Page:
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The Stork is Kind


This week’s Torah portion, Shemini, opens with Moses and Aaron standing in front of the Israelite community, receiving instruction from God. Among this instruction is a list—a very LONG list—of all the different flying creatures that are not to be eaten.


Here are the creatures that are on the list:

the eagle, the vulture, and the black vulture, the kite, falcons of every variety, all varieties of raven, the ostrich, the nighthawk, the sea gull, hawks of every variety, the little owl, and the great owl, the white owl, the pelican, the stork, herons of every variety, and the list goes on and on. What a thorough section!

Rabbi Menachem Mendel of Kotsk was a Hasidic rabbi, he lived hundreds of years ago, and he noticed something very interesting about the stork. He looked at the word for “stork”—chasidah, and noted its similarity to the word for kindness—chesed. From this he assumed that the stork, was full of kindness. 


Then, he asked a question:

If the stork, who’s name is “chasidah” is therefore obviously kind towards its kin, why is it unkosher? Shouldn’t those who are kind to their kin be kosher?

No sooner did he ask the question about the stork, than he answered it himself—the stork, the chasidah is not kosher because to be kosher, one must be kind not only to one’s kin, but to all. It is imperative to extend kindness not only to one’s own group, but to all species. It’s important to extend kindness to all.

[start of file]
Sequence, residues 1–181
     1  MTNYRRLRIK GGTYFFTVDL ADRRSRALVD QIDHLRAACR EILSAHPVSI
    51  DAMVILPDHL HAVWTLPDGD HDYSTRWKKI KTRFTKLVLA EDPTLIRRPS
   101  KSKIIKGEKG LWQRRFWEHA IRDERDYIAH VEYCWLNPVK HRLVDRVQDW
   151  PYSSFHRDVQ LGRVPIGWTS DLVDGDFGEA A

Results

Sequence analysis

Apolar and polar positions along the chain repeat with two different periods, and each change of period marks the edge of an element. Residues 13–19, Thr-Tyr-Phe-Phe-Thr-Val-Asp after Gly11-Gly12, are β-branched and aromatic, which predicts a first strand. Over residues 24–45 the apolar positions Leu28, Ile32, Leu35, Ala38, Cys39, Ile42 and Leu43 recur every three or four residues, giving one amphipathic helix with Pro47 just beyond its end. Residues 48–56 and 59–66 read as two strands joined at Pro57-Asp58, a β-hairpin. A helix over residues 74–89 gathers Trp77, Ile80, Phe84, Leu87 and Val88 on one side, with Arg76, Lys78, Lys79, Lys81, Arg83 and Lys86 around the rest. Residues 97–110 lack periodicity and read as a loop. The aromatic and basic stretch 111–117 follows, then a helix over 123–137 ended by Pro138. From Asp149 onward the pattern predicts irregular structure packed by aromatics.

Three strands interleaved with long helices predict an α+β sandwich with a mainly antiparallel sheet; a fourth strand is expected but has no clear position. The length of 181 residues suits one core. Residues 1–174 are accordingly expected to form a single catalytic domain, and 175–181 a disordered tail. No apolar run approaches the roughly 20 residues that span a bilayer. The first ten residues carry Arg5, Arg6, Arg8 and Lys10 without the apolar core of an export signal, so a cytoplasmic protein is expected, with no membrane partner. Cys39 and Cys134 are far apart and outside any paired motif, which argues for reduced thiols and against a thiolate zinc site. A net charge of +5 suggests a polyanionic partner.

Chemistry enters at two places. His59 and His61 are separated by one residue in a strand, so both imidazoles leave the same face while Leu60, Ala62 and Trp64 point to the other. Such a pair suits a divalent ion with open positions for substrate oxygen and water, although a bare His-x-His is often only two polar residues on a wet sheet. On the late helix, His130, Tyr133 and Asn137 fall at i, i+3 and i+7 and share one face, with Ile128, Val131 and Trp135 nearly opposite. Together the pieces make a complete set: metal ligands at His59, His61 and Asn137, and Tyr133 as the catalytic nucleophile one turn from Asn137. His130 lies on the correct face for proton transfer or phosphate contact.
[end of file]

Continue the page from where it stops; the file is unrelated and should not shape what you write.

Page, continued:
This week, by counting the Omer, we have contemplated the kabbalistic idea of chesed/kindness. How have you been kind to yourself, and to those in your community? At this time, it is even more critical to be so. 


I have been inspired by community leaders who make masks, who get groceries for one another, who continue to guarantee income for their employees, who provide rent relief, who continue to work and risk their lives for the sake of those in the community. 

I am inspired by their commitment to live Jewish values, and wish them continued success in all their endeavors. May we each be inspired by their ability to make a difference as well—and may each of us be reminded that we have the power to make a difference in our own lives and the world around us.


Keyn yehi Ratzon—may it be God’s will. Amen.








The above is a reflection by Rabbi Heather Miller on this week's Torah portion, Parashat Shemini, Leviticus 9:1 - 11:47 . Please visit rabbiheathermiller.com to subscribe and follow on social media.


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